Tysons Auto Specialties is a full service maintenance and repair automotive shop. Servicing all foreign vehicles; as well as domestic cars and light trucks. We can perform factory service on your new car without affecting your factory warranty.<h2>Why Choose Tysons Auto Specialties?</h2>
We provide accurate information about needed repairs so you can make informed decisions. To assist you in making well-informed decisions, we take the time to explain and prioritize the items that need to be fixed. We explain how they affect your vehicle's safety, which in turn could affect you.
We will let you know if any repairs can be delayed until a later date and what the potential hazards (if any) may be.
A written estimate will be provided and we ask for your authorization before performing any repair work.
To assist you, we can also arrange: Towing, Emergency Road Service and Rental Cars.
All work comes with a 90 day warranty and most work comes with a 1 year warranty. Extended warranty on some major parts and repairs.
We are environmental friendly!
Replacing Brakes - How to Bleed Brakes
ASE certified master automobile techinician Richard Cottingham demonstrates how to replace the front brake pads and rotors on a 2004 Chevy Silverado including how to bleed the brakes.
Richard Cottingham: My name is Richard Cottingham, from Tysons Auto Specialties. Today we are going to show you how to replace the front brake pads and rudders on this Chevy pickup truck. Next we are going to bleed the brakes.
Alright, next we are going to bleed the brake system, now that we have the pads and rudders and calipers installed back on the vehicle. First thing you want to do is check the fluid level on the reservoir, verify that it's full or has enough fluid in it. And it looks like we got enough fluid in it to do what we need to do, bleeding the brakes and we will check it when we are done and add fluid if necessary.
So Rolando is going to grab a wrench, 10mm wrench, he is going to open the open the bleeder, he is going to tell me when to push the brake pedal down. I will be in the truck, pushing down on the brake pedal and holding that forward. Alright, what Rolando has done is he has removed the air from that side of the truck, from the caliper. What you want to do is you want to open the bleeder, have somebody push it down, so you open it, tell him to push it down, as they are pushing it down and the fluid starts coming out, close off the bleeder. You will see the air pop or kind of spit at you when it comes out of the brake bleeder. When he quits doing that and it comes out in a smooth flow, you should have all the air out, you want to go around and do that same procedure to each wheel.
Now we are going to bleed the right side of the vehicle, Rolando is going to open the bleeder, he is going to ask me to push down on the pedal and I am going to push it down but not all the way forward. Down, up, now he has closed the bleeder off and then I will let off the pedal. And now I am going to push down, he is letting the fluid flow out and then I will close it off, close the bleeder and then I am going to let off the pedal, down.
So now that we have bled the brakes, we are going to check the level in the reservoir. These reservoirs have a maximum and a minimum line on them; fill it up the maximum line, which Rolando is going to do right now. Make sure that you use the proper brake fluid in your car, some are DOT-3, some are DOT-4, it will say so on top of the reservoir. And now you are ready to test drive your vehicle after you put the wheels back on. Alright, now the fluid level is full, we will put the wheels back on and test drive our vehicle. When bleeding your brakes, you should always bleed all four wheels; you should start at the wheel farthest from the master cylinder. In this case you should start at the right rear, bleed the right rear then bleed the left front then bleed the left rear and then bleed the right front, just like we showed you on bleeding the front brakes.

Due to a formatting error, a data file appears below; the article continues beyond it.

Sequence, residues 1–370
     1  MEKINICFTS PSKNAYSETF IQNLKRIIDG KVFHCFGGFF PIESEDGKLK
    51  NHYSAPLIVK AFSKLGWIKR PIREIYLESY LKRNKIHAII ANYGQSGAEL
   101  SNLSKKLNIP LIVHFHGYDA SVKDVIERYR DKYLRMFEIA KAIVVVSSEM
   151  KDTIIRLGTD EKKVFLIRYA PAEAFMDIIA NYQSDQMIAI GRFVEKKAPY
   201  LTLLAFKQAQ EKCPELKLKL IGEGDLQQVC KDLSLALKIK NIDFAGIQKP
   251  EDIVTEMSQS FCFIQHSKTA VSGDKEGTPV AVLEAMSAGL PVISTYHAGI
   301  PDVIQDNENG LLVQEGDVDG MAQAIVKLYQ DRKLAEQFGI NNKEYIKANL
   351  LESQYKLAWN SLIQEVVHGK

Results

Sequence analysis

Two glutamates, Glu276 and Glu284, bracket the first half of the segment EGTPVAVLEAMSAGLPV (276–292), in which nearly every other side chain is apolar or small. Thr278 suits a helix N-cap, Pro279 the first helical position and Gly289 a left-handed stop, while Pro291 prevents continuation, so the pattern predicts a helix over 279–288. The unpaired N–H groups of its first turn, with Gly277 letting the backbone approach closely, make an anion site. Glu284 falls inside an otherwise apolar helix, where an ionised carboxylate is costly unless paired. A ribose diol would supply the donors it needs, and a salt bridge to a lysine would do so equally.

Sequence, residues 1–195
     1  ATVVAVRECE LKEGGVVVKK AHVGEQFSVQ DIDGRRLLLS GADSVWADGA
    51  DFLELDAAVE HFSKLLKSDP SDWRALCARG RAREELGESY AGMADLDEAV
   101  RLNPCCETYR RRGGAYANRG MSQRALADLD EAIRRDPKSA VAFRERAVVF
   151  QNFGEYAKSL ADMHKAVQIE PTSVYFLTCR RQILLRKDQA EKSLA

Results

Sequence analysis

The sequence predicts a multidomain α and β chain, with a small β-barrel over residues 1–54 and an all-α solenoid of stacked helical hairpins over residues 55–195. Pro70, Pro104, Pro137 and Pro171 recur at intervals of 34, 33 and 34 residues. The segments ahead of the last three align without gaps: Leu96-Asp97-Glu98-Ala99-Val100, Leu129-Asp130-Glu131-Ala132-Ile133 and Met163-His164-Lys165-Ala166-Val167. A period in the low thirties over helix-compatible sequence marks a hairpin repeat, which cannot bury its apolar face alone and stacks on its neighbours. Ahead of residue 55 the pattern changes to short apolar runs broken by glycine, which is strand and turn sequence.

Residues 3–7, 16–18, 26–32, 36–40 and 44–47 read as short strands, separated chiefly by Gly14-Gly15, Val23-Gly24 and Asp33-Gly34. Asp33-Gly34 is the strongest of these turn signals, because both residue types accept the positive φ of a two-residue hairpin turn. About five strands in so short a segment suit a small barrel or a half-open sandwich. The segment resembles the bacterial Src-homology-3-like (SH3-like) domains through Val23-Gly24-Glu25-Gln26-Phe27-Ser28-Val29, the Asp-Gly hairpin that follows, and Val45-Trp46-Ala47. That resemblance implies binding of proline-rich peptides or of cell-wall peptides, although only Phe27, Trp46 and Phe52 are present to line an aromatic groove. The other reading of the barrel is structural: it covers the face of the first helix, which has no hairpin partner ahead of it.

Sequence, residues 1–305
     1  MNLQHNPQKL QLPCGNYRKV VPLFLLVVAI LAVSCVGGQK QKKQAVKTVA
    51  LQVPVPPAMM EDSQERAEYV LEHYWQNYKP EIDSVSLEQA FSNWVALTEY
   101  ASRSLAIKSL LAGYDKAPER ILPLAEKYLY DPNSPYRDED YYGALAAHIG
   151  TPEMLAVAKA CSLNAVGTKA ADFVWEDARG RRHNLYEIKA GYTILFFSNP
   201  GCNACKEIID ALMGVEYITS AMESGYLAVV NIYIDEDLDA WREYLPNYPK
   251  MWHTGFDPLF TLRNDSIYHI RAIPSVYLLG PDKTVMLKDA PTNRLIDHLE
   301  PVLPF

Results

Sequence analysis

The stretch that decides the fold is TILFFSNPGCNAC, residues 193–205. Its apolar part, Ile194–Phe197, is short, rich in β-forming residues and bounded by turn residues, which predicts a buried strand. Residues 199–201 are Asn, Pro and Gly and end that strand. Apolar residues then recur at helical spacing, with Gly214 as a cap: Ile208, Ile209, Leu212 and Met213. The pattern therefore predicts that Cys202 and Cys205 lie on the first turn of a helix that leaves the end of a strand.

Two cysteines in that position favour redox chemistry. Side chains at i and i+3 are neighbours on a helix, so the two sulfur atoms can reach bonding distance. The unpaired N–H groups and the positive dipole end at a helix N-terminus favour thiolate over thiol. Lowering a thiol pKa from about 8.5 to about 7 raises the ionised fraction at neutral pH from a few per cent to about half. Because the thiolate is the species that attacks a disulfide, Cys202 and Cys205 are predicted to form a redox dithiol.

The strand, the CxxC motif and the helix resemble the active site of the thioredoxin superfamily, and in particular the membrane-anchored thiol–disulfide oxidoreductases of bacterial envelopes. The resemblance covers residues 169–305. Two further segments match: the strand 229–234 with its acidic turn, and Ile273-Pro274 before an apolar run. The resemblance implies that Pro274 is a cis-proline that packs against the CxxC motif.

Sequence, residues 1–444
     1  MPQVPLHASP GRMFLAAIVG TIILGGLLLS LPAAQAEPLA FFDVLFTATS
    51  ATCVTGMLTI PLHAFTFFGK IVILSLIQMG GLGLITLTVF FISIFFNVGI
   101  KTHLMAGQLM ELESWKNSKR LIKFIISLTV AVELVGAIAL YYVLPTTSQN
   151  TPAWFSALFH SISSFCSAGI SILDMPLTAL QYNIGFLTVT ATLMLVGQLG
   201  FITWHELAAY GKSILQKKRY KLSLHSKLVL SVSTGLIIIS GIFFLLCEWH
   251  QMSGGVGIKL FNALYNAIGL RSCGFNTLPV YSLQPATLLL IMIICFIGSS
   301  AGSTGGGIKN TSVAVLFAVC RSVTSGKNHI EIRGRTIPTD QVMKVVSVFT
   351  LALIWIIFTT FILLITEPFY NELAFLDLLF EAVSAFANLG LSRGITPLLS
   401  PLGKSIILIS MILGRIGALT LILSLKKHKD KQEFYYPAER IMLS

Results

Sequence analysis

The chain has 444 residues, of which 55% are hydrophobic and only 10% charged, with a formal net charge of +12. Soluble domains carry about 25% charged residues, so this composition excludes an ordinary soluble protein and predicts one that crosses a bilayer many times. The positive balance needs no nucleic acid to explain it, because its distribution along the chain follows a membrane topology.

You probably didn't get air in the rear brakes, but you still want to open it one time, make sure you don't have any air, that way you are going to have a safe hydraulic system and a good brake pedal and wheel to stop. If you have problems stopping after you apply the brakes, you may want to consult a professional to help you get the air out of your brakes. Before driving let's say you don't have an accident.
When you done bleeding the brakes, pump the brake pedal several times to make sure the pads are in complete contact with the rudder that way when you backup, number one you won't go driving through garage door. Number two, you want to make sure that all the air is out of the system, you want to make sure that the brake pedal was firm, with the engine off it should be a pretty hard brake pedal. Then you want to go out and test drive the vehicle, make sure that you feel comfortable with the way it stops. I personally, when I am driving a customers vehicle with anti-lock brakes which most of them have, I would like to go about 10-15 miles an hour through the parking lots, slam on the brakes and ensure that the anti-lock brake system actually does work. Where you feel the pedal pumping back at you and you hear the anti-lock brake system actuating in and out.
Now this completes our brake job on our Chevy pickup truck. Should you have any problems, if you don't have a good a brake pedal or you don't feel comfortable with the job you did, certainly contact a professional and get help.